Myth 5: You don’t brush your teeth regularly and use dental floss. If you brush your teeth just before your dentist appointment, nobody will know, right?
Truth: Sorry if you are disappointed, but unfortunately you can’t escape anything this way. When you do not brush regularly and do not floss, hard tartar forms around your teeth, and at a certain point, you cannot remove this hardened tartar by simply brushing your teeth. Also, although you can only recover plaque and tartar by flossing for a few days, you won’t be able to undo the inflammation in your gums.
Myth 6: Sugar is the only thing to blame for the teeth decay
Truth: When you think of cavities, you may think of more lollipops and other sweet and sticky foods. But crackers and chips can be even worse for your teeth. This is about starch… Carbohydrates usually have enough sugar to damage the teeth, and they also stick to the tooth surface.
Myth 7: If your teeth are sensitive, it means that your enamel is too worn out
Truth: Sensitivity is an important sign of the loss of enamel which is the hard protective layer on the outside of the tooth. However, gum recession can also be caused by other factors such as the constant and excessive use of whitening toothpastes. Tooth sensitivity can also be due to clenching and acid erosions. Instead of looking directly for a miracle solution desensitizing toothpaste, you should visit your dentist to make sure there is no problem.
Myth 8: Gum disease is just a problem with our oral health
Truth: Your dentist may be the first to notice this, but if you have gum disease, there are even some types of cancer related to chronic inflammation as well as health problems such as diabetes and hypertension.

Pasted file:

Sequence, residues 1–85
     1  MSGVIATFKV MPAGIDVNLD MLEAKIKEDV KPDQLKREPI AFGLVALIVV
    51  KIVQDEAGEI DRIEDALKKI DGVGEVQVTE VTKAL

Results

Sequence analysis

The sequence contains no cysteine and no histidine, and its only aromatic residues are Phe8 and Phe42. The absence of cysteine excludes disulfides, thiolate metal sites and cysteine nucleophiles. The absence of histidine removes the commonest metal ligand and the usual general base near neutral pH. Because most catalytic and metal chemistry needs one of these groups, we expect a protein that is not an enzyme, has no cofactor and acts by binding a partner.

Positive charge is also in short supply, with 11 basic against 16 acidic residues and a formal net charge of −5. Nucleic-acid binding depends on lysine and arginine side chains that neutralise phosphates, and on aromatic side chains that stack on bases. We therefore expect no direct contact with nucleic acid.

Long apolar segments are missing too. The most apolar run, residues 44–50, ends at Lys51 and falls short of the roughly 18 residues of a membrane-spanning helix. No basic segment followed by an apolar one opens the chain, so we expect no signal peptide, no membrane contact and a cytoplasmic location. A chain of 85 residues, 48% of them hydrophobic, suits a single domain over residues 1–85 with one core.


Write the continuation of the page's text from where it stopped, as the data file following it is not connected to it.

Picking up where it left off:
Myth 9: The whiter your teeth are, the healthier they are
Truth: While this is generally true, we cannot always draw the same conclusion. Our teeth are naturally white. Things that make them appear darker or yellow may be habits such as smoking or aging. However, while smoking, some medications, foods and drinks can cause unhealthy staining, teeth may darken somehow only with the natural aging process. Therefore, it cannot be inferred that teeth that are not always white are unhealthy.
Myth 10: If there is nothing bothering you, you don’t need to go to the dentist for a checkup.
Truth: Sometimes you may not feel pain despite having too many problems with your teeth. Or, on the contrary, a minor problem can cause pain in your teeth. We have to explain this to the patients. We should educate them about problems in their teeth that they do not notice, or gum diseases. Because when symptoms occur, it usually means that the problem is too big. For example, while you can prevent a tooth decay in time by going to regular check-ups, if you wait for a decay to be painful to have it checked, you may eventually need root canal treatment or tooth extraction.
By visiting your dentist regularly, you can protect your teeth or fix any problems before they go forward. In this way, irreversible situations such as tooth loss are prevented